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Wednesday, September 19, 2012

Harvest Time Curriculum

My freshman year of college I listened to a talk by a boy I don't remember at all.  But it was about his mom and how big of an influence she had on his life.  (It was probably a mother's day talk.)  The part I specifically remember was how she took an active role in their education outside of school.  She made sure they learned things that they didn't necessarily learn at school.  For example, one month she focused on cooking.  They were each responsible for planning, shopping for, and cooking some number of meals.  Ok, that's great.  But lots of moms do that, right?  But the part that really caught my attention was that she then took them on a field trip to a top notch restaurant and the chef taught them how to cook a dish.  And apparently she did stuff like this all the time.  That sealed this mom in my head as one of the coolest moms ever.  Ever since then, I've wanted to take the same sort of active role in my children's education.

Fast forward to today.  I have a 3-year old and an almost 8-month old.  I'm learning how to manage a large house (after never fully getting a handle on managing our 2-bedroom condo) and I'm still trying to recover from the newborn stage.  I keep trying to do things with Kessa.  Mostly it ends up with us doing some sort of handprint painting that we send off to grandma's.  (Which, I admit, is really fun and makes me a cool mom in Kessa's eyes. Especially since we then hang them up on the wall in our stairway where she sees them every day.)  I even started downloading pre-k packs that have various skills in printable form.  Cutting, drawing, matching, shadow matching, patterns, puzzles, coloring, counting, etc.  Kessa loves them.  Whenever I print anything, she asks if I'm making more school.  She loved doing "school" so much that we decided it would be a good idea to put her in preschool.  So we did.  For 2.5 hours two days per week, she goes to a preschool taught by a lady in my ward.  It's fun, because several of the kids in her class are our neighbors.  And I like it because I know the teacher shares many of my values.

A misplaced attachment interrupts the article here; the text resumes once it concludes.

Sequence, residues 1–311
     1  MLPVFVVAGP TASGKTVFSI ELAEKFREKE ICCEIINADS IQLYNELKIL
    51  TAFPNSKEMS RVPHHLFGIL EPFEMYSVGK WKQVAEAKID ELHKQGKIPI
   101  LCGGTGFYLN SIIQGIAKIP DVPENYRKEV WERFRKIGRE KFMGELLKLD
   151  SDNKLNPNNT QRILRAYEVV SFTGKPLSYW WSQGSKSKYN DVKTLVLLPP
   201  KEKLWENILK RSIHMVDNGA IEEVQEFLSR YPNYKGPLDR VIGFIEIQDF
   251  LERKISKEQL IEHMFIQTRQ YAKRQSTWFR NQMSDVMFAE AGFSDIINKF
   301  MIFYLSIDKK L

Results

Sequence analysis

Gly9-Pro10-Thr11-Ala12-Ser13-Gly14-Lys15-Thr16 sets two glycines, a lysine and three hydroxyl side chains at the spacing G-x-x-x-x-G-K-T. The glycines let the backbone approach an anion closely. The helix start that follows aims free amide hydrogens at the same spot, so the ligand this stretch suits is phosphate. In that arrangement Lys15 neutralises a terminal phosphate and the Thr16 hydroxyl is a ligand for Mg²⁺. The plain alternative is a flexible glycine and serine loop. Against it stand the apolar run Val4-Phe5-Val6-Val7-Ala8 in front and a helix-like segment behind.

But I kept thinking about how I wanted to play more of an active role.  I don't want to just ship her off to school and only participate in her education when she needs help with homework.  BJ and I have talked a lot about ways we can help teach.  When she has questions about things, we try to give her real answers.  When we see opportunities to teach her, we take them.  We often talk about the different plants in the garden and their different stages of growth.  Today she wanted to look at the flowers outside, so while we did, we talked about how flowers have different parts.  We specifically discussed the petals, stem and leaves.  Then we walked around and found those three parts on several different kinds of flowers.  And then, directed by her, we talked about which flowers were the same, and which were different.  I took it a little further and showed her how some flowers were the same in everything except color.  Someday when she's a little older, we want to do more themed things that cover, potentially, several months.  We want to learn right there with her.  Like maybe we'll do a geology section and do field trips.  Close ones like Rock Canyon.  Far-ish ones like Craters of the Moon and practically all of southern Utah.